So saying you should just disregard it, is displaying a narrow understanding of statistics. Statistics isn't a cut and dry game. It's all about complex mathematics and models. Models by definition through use are rarely accurate by themselves.

Yes you do and should disregard it until at the very least some information is given about the population of several games so a comparison can be made.  You cannot use this as valid data in any sense until the data is validated as representative of the popuatlion.  At best as I stated in the edit, all you would say it the numbers are interesting enough to warrant further study. 

Anyone using this data without first concluding it's validty, reliability and accurace of the population would themselves be considered uncredible.

Yes there are margins of error - they are commonly given when the accuracy of hte data compared to the population is known.  We do not even know if X-fire data is representative of populations in any game, therefore the margin of error is absolutely massive.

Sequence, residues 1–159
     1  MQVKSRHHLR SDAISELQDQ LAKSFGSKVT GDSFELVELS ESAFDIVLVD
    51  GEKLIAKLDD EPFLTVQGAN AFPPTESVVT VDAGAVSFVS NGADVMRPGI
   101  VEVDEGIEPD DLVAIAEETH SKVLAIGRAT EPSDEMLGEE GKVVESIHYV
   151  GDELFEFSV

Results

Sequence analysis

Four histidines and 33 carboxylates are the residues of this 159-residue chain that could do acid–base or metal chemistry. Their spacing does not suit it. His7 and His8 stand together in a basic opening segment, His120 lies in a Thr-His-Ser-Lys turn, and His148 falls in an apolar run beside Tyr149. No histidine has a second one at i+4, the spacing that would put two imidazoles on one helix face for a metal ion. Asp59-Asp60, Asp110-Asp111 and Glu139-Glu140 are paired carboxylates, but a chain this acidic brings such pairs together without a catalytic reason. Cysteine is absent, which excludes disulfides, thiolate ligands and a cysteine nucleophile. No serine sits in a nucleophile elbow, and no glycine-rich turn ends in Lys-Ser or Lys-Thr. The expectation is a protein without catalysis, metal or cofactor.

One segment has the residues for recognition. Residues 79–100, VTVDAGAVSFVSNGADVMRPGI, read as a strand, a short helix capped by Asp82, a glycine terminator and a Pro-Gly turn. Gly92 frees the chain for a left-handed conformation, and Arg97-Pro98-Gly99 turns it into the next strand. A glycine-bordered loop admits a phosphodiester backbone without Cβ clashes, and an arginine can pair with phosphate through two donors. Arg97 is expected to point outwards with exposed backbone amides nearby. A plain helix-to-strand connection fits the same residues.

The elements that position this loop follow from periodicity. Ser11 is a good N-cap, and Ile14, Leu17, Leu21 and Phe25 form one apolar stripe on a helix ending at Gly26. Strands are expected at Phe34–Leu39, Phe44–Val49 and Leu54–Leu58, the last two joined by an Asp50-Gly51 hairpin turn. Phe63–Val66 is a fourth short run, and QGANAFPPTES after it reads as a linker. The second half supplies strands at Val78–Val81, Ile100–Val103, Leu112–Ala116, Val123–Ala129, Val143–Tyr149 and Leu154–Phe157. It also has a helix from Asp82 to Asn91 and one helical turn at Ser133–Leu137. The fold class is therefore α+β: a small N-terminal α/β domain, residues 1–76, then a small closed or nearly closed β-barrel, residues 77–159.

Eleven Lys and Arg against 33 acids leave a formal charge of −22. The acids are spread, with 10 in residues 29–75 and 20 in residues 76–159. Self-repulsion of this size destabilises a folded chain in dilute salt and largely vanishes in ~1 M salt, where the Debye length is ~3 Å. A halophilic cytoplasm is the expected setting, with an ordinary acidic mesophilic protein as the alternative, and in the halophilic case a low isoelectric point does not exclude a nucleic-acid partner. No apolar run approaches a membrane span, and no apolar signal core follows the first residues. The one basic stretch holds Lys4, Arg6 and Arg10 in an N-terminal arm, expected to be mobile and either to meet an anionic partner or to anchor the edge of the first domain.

Yes there are correlations but correlation is not causation.  Again there is a very wide margine of error and a very low correlation strength becuase we do not have any idea how representative the data is. 

If you know that it is wrong by a specific percentage, that alone gives it validity and you can adjust your measures to reflect this but you still need to have the population data to compare it to.  Most games do not give out population data so there is nothing to compare X-fire too.  It is specuation about what X-fire means compared to speculation about the total number of players.   We can't take that level of guessing seriously at all.

 I love this because you basically contradict what you said and agreed with me while stating you aren't. Warranting further study is not disregarding, finding more information is not disregard. I am right you shouldn't disregard this information, may not be useable right now but you shouldn't disregard it. It can still be useful, making disregarding it the last thing you should do as a competant statician

I would say that you should admit you were wrong but who cares, really.

  VengeSunsoar

Hard Core Member

Joined: 3/10/04
Posts: 4784

Be Brief, Be Bright... Be Gone.

9/28/12 4:36:01 AM#50
Originally posted by Warband
Originally posted by VengeSunsoar
Originally posted by Warband
Originally posted by VengeSunsoar